After Ethel Herzfeld's death, the Herzfeld Foundation's asset base expanded from $2.7 million to $65 million.
A star golfer, football and basketball player in high school, Bill Haberman also was a star academically, his son said. After graduating with a degree in history from UW-Madison, Bill went to Harvard Law School, returning to Wisconsin and joining the law firm of Michael Best & Friedrich in Milwaukee.
According to the foundation’s 2017 IRS filing, the foundation had assets of nearly $80 million. In its most recent annual report online, the Herzfeld Foundation's 2018 contributions included $6.25 million for arts and culture programs, including $2.7 million toward the Milwaukee Ballet's capital campaign, and nearly $2.23 million for arts education, civic projects and education.
By all accounts, Haberman made sure the foundation's role wasn't passive. He often took leadership roles, some of them behind the scenes, to help nurture the groups getting the foundation's funding.
Mark Niehaus, president and executive director of the Milwaukee Symphony, said in a statement that Haberman's influence was felt particularly in support of the symphony's K-12 education programming, and "as a business leader who was invaluable as a guiding voice that assisted the orchestra in shaping its strategic planning and long-term growth."
As chairman of what is now the Wisconsin Policy Forum from 2006-'09, Haberman "provided a strong guiding hand and left our organization in even stronger condition than when he arrived," the forum said in a statement Monday.
Milwaukee Film's Jackson said Haberman played a key role in bolstering the organization's financials when it was starting out. He also reinforced "the importance of ethical financial leadership and stewarding that properly."
"He was so amazed at the generosity of people and the importance of an organization like ours, a nonprofit, being an amazing steward" of those gifts, Jackson said.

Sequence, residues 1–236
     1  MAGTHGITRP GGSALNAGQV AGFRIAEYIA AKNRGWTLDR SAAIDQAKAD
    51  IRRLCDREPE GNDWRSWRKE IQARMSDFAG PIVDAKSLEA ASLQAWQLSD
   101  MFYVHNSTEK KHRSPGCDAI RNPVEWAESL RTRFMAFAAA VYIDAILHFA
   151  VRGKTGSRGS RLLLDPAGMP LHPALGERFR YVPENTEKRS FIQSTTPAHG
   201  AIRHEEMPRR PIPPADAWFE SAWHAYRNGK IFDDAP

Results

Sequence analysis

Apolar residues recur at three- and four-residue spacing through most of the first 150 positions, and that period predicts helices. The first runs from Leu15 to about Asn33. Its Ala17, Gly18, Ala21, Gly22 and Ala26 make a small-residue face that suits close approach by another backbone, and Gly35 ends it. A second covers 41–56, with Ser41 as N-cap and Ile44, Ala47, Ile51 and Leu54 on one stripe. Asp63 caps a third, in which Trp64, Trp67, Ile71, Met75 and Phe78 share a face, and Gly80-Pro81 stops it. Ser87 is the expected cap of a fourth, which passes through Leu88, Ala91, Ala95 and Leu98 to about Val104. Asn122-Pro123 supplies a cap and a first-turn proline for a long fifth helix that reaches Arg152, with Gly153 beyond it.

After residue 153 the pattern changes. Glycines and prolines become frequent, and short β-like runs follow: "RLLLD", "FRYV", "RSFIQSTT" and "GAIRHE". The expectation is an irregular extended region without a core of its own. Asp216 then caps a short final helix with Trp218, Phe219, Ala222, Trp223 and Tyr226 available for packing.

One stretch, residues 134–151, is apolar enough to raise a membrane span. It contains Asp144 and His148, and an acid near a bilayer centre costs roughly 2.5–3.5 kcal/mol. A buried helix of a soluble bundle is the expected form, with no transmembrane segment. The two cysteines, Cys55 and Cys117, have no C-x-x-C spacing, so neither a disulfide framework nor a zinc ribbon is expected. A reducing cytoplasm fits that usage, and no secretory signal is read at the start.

Haberman was also "curious about how the world worked," his son Fred said. "Even though he was an incredible intellectual, he was an optimist. … He had an imagination that then manifested itself through so many things that he did."
"Above all," Milwaukee Ballet artistic director Michael Pink said via email, "Bill possessed a brilliant mind, and the courage to be unashamedly passionate about endeavors he supported, whilst remaining engaged in other people's projects that affect the city we live in, and beyond."
In addition to his interests in sports and the arts, Haberman loved music, especially listening to — and singing — the songs of Frank Sinatra, but his tastes weren't limited. His son Fred said that, last week, "I was talking to him and he said he was listening to Neil Young."
"He was OK with being himself. He looked for the authenticity in people because he was authentic himself," Fred said.
In addition to his wife, Carmen, and son Fred, Bill Haberman is survived by his daughter, Sarah Haberman; two grandchildren, Celeste and Clayton; and Bill's sister, Ann Armstrong.
A service is still being planned, Fred said, and likely to be held in early April.